Malala Yousafzai is a queen without pearls on her neck. She does not represent any monarchy or have any subjects; instead, she has the entire planet’s girl population as her subject. She did not inherit her position but is a stick-your-neck-out person. Malala is like a queen chess piece. Her influence spans far corners of the global chessboard, as she is capable of moving on the diagonal.
Malala suffered a bullet to her head when she was 15 years old and on a bus riding to school. Her injuries were extensive, including the lacerating of facial nerves, shattering of her eardrum, and breaking her jaw joints. Physicians in London inserted a titanium plate where a skull bone had existed. Initially Malala could not speak, but she could write. She wrote the word, “mirror” on paper and her nurses understood her. As she gazed at herself, Malala reflected, “I only recognized half of my face. The other half was unfamiliar. But I believed in my strength. I believed I would get out of the hospital and run like a wolf, fly like an eagle.” Most would have retreated.
However, passion-and-positivity actions led to Malala’s shared 2014 Nobel Peace Prize at the tender age of 17. Her co-recipient was 60-year-old Kailash Satyarthi; along with his team, he was responsible for more than 86,000 children’s liberation from child labor, slavery and trafficking in India.
Not only has Malala brought attention to girls’ education in her homeland of Pakistan, but her diagonal travels have stretched out to Afghanistan, Bangladesh, Brazil, India, Lebanon, Nigeria, and Tanzania. Her non-profit Malala Fund has a mission of providing 12 years of safe, quality education for girls. After graduating from Oxford University with honors (in philosophy, politics and economics), Malala is documenting her legacy. She became a producer of documentaries to teach us about women’s and children’s issues world-wide.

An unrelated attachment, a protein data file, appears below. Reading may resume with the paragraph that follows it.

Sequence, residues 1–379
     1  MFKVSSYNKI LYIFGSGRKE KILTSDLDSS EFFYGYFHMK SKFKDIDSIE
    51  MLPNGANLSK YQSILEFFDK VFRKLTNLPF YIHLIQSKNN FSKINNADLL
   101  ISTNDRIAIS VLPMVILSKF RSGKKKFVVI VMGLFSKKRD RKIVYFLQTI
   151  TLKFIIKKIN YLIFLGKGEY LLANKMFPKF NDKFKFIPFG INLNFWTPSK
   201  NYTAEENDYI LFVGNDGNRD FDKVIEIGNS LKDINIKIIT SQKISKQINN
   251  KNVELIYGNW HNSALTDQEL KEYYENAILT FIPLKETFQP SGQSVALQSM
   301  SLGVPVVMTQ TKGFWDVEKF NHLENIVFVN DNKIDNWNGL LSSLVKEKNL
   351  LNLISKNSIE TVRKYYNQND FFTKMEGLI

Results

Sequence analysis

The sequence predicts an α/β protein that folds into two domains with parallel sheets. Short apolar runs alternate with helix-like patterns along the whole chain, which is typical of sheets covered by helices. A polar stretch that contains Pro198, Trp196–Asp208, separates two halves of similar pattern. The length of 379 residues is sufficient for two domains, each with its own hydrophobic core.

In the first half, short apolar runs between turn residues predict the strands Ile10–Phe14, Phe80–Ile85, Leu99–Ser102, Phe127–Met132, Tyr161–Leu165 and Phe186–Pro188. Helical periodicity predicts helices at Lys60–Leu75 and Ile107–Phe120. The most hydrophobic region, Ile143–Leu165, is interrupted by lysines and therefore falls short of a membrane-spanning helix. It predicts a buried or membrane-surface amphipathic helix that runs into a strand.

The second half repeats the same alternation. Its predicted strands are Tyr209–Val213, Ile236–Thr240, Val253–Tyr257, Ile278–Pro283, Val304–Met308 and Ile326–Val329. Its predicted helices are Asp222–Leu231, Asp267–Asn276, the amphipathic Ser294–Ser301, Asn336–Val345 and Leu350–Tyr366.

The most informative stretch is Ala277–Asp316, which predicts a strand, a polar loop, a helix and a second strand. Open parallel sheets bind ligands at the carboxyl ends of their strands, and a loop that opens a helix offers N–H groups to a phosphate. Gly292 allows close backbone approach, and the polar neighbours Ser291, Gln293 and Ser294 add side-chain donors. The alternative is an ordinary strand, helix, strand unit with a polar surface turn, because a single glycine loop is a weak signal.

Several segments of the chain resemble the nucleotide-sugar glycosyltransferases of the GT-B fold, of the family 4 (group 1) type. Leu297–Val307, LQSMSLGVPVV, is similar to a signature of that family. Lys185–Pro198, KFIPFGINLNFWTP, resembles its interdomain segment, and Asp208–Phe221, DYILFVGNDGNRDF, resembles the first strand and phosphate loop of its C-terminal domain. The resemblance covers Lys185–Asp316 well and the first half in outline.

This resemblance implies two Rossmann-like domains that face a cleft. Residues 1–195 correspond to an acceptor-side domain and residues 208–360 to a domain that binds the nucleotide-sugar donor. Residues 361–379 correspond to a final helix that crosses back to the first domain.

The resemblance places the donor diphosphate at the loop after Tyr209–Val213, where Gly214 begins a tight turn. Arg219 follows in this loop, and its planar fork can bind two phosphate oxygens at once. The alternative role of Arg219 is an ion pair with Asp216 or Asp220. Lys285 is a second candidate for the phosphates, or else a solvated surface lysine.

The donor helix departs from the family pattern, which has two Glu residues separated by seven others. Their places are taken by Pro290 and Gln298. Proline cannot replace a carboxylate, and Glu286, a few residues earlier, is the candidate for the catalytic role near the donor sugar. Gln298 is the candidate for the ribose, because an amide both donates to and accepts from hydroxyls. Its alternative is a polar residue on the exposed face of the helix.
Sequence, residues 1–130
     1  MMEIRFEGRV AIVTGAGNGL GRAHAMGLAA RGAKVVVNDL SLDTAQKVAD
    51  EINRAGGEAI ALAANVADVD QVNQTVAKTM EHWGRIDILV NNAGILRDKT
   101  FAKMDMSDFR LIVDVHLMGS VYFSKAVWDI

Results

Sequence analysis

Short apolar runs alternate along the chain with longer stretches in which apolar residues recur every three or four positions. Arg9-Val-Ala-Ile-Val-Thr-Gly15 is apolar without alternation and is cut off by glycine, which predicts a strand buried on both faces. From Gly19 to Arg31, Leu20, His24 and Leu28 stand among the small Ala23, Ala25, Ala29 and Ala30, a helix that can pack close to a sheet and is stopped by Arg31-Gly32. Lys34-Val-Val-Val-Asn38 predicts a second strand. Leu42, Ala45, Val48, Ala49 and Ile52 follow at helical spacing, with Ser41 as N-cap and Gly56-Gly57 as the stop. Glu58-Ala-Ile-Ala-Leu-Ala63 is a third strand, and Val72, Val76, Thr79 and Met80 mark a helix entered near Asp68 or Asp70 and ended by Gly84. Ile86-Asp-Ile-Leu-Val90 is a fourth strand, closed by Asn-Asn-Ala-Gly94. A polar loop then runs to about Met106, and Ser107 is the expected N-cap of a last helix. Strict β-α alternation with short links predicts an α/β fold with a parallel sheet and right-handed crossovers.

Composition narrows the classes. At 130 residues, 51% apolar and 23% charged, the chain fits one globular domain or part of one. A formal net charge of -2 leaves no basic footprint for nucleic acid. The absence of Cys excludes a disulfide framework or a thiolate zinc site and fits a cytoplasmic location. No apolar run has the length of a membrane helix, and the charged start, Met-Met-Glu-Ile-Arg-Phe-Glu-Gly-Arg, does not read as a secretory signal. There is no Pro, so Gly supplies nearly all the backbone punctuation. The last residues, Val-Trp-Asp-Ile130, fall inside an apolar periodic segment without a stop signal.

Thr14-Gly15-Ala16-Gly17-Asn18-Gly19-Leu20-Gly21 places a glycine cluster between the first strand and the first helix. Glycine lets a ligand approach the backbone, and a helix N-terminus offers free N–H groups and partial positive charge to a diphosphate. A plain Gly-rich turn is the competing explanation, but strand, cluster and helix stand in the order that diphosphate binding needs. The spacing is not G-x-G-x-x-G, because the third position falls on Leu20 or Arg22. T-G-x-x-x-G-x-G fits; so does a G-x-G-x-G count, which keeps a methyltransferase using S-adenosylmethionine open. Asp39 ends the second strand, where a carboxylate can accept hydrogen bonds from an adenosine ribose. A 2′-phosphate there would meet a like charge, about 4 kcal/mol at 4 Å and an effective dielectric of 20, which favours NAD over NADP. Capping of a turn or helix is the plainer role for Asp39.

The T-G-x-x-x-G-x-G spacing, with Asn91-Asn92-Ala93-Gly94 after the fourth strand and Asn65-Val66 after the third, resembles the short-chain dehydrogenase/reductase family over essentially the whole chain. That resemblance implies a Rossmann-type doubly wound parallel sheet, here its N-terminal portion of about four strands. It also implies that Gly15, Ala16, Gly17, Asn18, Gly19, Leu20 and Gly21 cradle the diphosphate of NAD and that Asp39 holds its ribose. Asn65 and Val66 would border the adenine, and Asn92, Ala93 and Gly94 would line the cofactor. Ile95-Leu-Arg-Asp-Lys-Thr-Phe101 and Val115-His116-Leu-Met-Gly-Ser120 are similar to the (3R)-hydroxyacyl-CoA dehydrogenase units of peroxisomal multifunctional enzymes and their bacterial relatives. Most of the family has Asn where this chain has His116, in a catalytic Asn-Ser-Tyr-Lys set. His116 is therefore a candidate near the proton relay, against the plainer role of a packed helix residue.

A legacy requires learning from the past while living in the present moment. At age 25Malala already has a blossoming legacy that is far-reaching–from speaking to ambassadors to the United Nations to young girls in almost-forgotten villages. Her take-a-stand compassion for the plight of girls and women is an inspiration. When compassion is shared, we experience what Brazilian novelist Paulo Coelho describes as “…a precious moment. It is a little parenthesis in eternity.”
Unfortunately, everyone does not understand and/or embrace the importance of education for every child in every part of the planet. U.S. culture is highly individualistic; we need to raise consciousness for the interdependent nature of meeting every person’s basic rights. Receiving a minimum of 12 years of education must be considered a basic right.
We might consider that every child is a pearl waiting to evolve.
Pearls of Peace (PoP) Quiz:
119. Where might you move on the diagonal to take action for women and child rights?
120. In what ways can you share your compassion for some take-a-stand cause?
Malala is an inspirational young woman! Loved the Coelho quote: “…a precious moment. It is a little parenthesis in eternity.”
We only have “moments,” one right after another! When we are mindful, we “catch” what we are thinking and doing. In the present moment we can make a course correction if we find that we are traveling in some wayward direction.
So informative and inspiring. Thanks, Liene